Let me begin with a little background concerning my taste in stories. I enjoy a good caper novel or movie. That is important when discussing this story. I am also a Jack Vance fan. The first novel of the Demon Prince series ("Star King") hooked me as a fan. I remember the disappointment when I read further into the series but could not find all of the books. Later, DAW Books reprinted the series and had Vance finish it. I never read the final 2 novels. The upcoming Science Fiction Experience 2012 might be a good time to re-read the early books and finish reading the rest of the series. In the words of Peter David, "But I Digress...".
Getting back to the novel at hand. This was one that I was supposed to review for the now defunct "Walker of Worlds" site. Mark gave me three books that I never finished writing the reviews. One of my goals for December is to get these written. So consider this an epilog to a much missed review site.
Matthew Hughes has been named the heir apparent to Jack Vance. His style of writing, the names of the characters, and the exotic locals back this up. Case in point: The main character in "Quartet & Triptych" is master thief Luff Imbrey. Luff is planning to steal one of the rare eidolons left behind when the alien Iphigenza race committed ritual suicide. Unfortunately for Luff, it is located in a mutable maze that a nobleman had build to torture his enemies. So he decides to "liberate" the life mask of a noblewoman who knows how to navigate the maze. The life mask is an intriguing creation. It traps the essence of the person in a mask that, when put on by another, allows them to speak to the wearer of the mask. The noblewoman strikes a slightly different deal with Luff. It is one that proves to be much more lucrative. Luff develops the perfect plan that, in the style of the classic caper novel, falls apart. This short novel tells the story of what happens to the duo as they try to salvage their plan.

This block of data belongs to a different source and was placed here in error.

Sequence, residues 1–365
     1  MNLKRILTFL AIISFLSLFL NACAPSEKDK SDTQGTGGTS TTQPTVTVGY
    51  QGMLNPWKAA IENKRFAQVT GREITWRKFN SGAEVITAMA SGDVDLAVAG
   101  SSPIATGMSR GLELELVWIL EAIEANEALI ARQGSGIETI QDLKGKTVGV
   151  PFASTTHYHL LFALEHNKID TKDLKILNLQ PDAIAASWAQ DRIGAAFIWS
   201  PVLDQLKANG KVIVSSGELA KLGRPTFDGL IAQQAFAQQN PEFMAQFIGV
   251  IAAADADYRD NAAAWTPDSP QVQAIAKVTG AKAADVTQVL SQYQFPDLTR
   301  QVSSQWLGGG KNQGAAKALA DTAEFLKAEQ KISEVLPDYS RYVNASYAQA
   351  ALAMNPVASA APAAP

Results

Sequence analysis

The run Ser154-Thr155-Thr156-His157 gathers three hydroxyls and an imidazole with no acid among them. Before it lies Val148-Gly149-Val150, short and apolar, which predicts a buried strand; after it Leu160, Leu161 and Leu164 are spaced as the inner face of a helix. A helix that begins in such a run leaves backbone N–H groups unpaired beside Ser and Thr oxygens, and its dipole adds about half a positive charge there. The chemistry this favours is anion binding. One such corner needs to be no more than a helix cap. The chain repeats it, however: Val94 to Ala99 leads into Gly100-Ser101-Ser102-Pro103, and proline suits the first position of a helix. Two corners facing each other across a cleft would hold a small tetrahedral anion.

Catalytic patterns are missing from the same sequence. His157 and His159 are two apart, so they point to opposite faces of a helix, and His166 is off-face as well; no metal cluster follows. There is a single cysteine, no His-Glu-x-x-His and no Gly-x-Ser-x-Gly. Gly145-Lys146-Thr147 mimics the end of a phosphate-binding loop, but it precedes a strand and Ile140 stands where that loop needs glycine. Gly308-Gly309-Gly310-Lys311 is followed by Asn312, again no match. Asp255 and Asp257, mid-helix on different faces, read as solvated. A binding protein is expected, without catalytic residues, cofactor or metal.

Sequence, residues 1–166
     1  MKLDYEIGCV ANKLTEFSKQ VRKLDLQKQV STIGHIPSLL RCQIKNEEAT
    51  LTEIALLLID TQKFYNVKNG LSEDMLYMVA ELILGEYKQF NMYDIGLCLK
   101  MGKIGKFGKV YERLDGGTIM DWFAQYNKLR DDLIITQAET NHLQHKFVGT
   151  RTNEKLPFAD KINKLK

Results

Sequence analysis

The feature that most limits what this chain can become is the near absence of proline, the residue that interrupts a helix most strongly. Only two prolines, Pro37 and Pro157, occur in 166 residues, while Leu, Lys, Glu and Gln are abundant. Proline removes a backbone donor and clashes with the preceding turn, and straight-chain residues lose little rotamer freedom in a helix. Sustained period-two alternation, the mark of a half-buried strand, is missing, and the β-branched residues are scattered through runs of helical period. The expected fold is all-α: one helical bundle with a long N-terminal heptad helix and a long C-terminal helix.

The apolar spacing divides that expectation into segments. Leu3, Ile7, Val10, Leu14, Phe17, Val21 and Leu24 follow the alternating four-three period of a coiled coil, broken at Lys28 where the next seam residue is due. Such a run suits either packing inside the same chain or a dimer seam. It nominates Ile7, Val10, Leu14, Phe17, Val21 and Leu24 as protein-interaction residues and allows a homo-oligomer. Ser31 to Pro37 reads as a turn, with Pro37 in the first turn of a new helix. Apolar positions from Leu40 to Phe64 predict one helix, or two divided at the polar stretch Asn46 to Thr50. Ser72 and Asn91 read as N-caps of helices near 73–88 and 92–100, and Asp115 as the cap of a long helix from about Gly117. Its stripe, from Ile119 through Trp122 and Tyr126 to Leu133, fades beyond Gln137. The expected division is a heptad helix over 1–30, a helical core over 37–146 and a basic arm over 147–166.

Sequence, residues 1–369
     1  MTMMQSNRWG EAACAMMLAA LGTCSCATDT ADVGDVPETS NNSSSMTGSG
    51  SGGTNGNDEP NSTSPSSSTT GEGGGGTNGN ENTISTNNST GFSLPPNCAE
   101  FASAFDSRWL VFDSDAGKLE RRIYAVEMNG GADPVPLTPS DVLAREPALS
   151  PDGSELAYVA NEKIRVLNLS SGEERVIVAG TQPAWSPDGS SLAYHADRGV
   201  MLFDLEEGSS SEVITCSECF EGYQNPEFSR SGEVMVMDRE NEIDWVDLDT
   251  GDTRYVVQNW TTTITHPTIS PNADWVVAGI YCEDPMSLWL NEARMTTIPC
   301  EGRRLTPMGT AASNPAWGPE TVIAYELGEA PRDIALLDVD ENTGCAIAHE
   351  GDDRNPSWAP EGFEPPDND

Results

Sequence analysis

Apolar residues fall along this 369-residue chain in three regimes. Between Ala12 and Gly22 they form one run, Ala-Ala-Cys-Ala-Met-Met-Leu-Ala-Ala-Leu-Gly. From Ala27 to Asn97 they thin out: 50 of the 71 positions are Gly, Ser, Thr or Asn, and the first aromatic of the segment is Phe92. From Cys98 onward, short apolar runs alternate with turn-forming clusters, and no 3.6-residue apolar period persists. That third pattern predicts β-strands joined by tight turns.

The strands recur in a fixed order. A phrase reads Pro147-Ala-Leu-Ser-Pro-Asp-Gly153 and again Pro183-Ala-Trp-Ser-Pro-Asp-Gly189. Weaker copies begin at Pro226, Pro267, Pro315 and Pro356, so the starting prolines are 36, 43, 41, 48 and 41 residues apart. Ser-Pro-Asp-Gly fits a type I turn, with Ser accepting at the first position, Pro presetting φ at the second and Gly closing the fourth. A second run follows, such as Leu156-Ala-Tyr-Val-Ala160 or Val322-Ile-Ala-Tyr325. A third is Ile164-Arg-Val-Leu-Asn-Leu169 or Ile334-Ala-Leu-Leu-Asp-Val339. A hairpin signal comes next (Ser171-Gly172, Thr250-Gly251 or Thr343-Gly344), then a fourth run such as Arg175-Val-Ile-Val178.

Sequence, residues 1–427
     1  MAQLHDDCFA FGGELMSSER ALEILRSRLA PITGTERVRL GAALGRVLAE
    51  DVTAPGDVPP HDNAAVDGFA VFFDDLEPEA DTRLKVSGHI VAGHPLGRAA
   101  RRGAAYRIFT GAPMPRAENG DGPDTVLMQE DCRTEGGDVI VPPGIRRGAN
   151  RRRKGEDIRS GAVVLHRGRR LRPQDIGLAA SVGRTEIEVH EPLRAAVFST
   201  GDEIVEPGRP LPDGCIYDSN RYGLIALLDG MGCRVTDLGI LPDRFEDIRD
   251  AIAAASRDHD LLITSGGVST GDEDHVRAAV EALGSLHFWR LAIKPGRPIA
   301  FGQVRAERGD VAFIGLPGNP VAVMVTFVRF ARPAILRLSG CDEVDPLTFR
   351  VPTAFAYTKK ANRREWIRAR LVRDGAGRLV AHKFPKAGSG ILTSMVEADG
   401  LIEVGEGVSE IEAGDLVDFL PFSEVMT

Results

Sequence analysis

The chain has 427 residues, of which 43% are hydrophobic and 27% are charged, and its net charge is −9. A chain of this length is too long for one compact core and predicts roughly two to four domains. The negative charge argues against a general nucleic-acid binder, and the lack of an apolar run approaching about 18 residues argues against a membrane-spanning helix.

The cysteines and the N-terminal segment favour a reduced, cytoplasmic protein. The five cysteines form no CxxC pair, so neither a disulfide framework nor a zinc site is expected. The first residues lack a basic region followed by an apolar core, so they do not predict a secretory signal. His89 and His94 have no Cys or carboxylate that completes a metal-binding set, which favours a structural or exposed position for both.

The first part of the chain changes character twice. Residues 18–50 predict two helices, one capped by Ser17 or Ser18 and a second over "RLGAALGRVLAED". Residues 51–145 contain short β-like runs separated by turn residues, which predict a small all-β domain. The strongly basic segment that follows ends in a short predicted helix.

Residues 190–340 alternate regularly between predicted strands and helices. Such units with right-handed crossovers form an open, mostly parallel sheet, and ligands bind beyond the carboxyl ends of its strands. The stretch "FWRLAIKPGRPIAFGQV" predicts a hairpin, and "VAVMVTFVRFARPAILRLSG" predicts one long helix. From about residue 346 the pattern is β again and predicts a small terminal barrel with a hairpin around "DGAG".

Did I like the novel? Yes and no. Hughes is very talented when it comes to innovative concepts and descriptions. His characters are interesting. But I thought that the plot tended to drift too much for such a short novel. If it had been more focused, I would have liked it more. As it is, I think this is an interesting failure. Looking at other peoples' reviews on Goodreads.com, I find myself in the minority. Sometimes, a story does not connect with every reader. I am one of the few that was disappointed with this story. Based on what I read here, I will give Matthew Hughes' work another try. I saw enough to interest me in giving this author a second chance.